Perhaps we can start collecting an email address or some contact information so that these posts and the responses can be forwarded to the manufacturer for comment and or action.
Ivan: You're right. Public discussion is more likely to get a meaningful response (even though it hasn't worked on this site yet). My experience has been that if you write to them directly, you get a form letter in return. "Thank you for your correspondence..."
Great idea Ivan but, in my experience, it's like trying to teach a pig to sing: it doesn't work and it annoys the heck out of the pig! A great example is an Amana gas range I bought a few years ago (primarily because it was a slide-in model with no upright rear control panel). After only a few months of use some trim vents (for the oven) at the back crumbled away. Did they not think the vent would get very hot - enough to seriously embrittle the plastic - with an oven running at 400 degrees? Even worse, the first time I cleaned the stainless steel range-top, with some 409 spray for degreasing (as I routinely use after frying anything), wiping the surface not only removed the grease but all the silkscreen legends for the burner controls! How much extra could it have cost to use a good epoxy paint? As others have said, it not a reliability issue, it's just plain stupid design. Letters of complaint to Amana were never responded to. I've found that manufacturers seem to have an immense amount of (largely undeserved) ego ... as well as a "not invented here" attitude about anything that hints of an improvement. Based on my experience with this range, and equally annoying design flaws in an Amana bottom-freezer refrigerator, I'll NEVER even consider buying an Amana product again. Even the marketing weasels should be concerned about this! But most consumers are as apathetic about bad products as they are with their politics, so I guess they largely deserve what they get. But I for one believe everyone should be a complainer ... and at every opportunity!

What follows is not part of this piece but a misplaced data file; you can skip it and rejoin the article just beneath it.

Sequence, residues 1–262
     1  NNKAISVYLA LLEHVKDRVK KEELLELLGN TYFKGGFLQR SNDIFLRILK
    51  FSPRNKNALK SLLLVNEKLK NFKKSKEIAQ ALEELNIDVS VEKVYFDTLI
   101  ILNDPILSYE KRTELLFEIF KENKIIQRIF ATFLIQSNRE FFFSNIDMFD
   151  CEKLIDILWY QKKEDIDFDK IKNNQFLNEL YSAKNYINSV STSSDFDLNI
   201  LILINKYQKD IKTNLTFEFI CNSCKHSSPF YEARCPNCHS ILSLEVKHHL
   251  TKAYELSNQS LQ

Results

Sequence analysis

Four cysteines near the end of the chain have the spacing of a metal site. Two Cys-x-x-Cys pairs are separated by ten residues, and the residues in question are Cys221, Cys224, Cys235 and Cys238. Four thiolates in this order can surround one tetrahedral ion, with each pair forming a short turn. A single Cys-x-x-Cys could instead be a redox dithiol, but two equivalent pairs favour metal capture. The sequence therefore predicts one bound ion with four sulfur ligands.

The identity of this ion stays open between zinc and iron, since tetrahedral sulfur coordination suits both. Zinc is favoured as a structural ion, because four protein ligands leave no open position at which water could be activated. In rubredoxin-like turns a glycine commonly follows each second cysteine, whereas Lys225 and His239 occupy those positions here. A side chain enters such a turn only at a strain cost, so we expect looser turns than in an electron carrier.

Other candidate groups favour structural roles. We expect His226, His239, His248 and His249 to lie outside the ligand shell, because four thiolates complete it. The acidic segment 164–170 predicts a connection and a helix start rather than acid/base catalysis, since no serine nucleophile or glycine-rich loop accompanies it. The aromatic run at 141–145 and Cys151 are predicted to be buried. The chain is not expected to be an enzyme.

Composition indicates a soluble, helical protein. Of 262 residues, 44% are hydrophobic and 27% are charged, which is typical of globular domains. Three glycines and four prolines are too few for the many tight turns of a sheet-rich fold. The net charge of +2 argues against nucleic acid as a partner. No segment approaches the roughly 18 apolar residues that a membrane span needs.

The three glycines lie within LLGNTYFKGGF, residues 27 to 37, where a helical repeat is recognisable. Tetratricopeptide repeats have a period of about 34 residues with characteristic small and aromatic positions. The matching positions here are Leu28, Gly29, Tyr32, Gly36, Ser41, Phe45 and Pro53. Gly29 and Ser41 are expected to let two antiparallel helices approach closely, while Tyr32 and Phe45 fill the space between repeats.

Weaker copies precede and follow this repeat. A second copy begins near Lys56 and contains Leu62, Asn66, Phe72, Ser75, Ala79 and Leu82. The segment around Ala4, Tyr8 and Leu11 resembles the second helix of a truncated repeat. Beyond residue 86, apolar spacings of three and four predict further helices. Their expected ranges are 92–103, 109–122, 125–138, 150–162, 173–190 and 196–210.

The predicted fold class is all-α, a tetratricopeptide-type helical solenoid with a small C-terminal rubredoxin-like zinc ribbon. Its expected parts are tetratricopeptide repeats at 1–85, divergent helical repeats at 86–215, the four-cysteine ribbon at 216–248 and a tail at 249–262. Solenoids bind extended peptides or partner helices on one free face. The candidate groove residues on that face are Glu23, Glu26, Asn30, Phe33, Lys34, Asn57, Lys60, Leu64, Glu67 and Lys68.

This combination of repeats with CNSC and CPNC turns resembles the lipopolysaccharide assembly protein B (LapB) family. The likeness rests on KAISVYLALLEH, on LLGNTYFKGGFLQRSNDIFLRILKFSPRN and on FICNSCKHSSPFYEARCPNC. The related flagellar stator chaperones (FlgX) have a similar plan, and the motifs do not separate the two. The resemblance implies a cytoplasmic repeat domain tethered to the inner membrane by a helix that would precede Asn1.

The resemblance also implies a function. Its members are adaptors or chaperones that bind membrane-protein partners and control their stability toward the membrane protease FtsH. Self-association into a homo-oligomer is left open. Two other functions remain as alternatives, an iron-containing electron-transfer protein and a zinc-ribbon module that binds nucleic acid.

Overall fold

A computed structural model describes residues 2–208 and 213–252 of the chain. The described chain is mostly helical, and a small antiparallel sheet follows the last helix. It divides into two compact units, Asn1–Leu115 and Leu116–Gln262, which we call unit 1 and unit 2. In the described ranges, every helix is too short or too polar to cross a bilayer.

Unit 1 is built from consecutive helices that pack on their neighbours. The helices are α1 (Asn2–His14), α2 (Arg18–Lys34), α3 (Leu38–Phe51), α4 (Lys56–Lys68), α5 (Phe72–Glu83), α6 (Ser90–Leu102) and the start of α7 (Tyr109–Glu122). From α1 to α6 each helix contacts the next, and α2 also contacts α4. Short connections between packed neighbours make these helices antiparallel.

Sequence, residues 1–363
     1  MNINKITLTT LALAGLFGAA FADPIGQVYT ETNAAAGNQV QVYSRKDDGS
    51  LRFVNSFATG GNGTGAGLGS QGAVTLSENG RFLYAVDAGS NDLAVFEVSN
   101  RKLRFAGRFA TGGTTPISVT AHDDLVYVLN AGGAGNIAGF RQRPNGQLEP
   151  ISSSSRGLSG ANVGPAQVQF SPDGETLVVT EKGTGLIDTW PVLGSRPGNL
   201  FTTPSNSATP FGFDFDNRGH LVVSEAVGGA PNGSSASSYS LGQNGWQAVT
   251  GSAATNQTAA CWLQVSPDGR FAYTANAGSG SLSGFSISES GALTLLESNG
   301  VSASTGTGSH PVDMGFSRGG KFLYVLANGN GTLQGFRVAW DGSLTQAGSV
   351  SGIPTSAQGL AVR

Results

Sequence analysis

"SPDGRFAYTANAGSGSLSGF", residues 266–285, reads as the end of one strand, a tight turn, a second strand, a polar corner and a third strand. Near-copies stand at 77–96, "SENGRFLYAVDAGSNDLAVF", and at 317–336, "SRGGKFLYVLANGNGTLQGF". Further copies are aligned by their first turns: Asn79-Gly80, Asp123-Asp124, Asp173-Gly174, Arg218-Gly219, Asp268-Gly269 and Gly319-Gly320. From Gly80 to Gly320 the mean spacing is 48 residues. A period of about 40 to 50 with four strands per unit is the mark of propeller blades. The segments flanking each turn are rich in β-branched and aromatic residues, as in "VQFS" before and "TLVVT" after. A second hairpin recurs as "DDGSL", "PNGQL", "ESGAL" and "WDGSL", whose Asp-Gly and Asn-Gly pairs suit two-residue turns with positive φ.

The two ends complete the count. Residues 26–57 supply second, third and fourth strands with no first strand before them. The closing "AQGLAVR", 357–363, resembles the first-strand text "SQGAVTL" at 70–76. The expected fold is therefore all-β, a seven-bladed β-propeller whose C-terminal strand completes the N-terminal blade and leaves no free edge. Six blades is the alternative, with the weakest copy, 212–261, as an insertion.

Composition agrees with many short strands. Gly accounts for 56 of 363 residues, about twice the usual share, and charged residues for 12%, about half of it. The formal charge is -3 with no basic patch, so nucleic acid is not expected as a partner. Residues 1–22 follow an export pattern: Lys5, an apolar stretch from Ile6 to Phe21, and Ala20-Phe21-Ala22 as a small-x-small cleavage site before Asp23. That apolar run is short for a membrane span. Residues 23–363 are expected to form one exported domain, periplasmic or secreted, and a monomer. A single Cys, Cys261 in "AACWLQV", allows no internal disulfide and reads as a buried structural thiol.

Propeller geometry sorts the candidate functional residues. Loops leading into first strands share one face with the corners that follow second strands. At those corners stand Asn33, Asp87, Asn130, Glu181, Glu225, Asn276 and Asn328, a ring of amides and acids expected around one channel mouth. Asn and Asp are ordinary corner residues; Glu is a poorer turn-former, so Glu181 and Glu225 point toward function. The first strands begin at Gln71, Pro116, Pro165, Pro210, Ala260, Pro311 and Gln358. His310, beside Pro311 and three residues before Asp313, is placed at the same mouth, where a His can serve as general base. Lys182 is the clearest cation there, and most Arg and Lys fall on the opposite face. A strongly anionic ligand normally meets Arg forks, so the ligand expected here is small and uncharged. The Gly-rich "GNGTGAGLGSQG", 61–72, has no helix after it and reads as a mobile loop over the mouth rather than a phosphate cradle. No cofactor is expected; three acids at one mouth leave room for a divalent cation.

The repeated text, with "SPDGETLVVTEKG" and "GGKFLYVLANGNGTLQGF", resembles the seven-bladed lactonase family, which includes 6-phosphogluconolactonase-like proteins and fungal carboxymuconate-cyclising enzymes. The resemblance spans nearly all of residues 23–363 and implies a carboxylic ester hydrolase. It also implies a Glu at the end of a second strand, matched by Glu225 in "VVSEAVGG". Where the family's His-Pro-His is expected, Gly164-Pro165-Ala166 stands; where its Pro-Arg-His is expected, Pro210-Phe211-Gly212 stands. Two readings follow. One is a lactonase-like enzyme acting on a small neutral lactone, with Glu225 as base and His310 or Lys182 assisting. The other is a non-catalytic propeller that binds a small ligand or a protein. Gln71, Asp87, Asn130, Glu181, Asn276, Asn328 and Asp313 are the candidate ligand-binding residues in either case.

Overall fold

DON'T waste your collective breaths and/or the electrons to get messages to the "manufacturers". The e-mails will be directed to the "bean counters' offices, wherein they will be summarily dismissed into the electron circular file!!!!! It's ALL about profits, NOT quality or functionality or reliability!
Attempts to get he manufacturer attention are all wasted efforts, but if you keep informing all of your friends, coworkers, relatives, strangers walking in the store in the appliances area, in a word: everybody; at least one can inflict some damage to that arrogant company that sold us that awful design!
Historically I think manufacturers have given a great deal of focus to magazines and other groups that have "ranked" there products because they saw a great deal of consumers that were using these tools to determine what to buy. As more and more consumers move to using blogs and internet sites for communicating about the quality of products and which products to buy, it will not be long before comanies will start to review this material just as much if not more than traditional print. Just look at the struggle traditional new media is having as more and more people get their news on the internet instead of the newspaper.
I have a GE French-door bottom-freezer refrigerator - and the ice has been jamming. I never thought of the night light - thanks for the posting!! Here's another design issue with GE - a standard size cup does not fit in the water dispensor (seriously) - only a kid's half cup.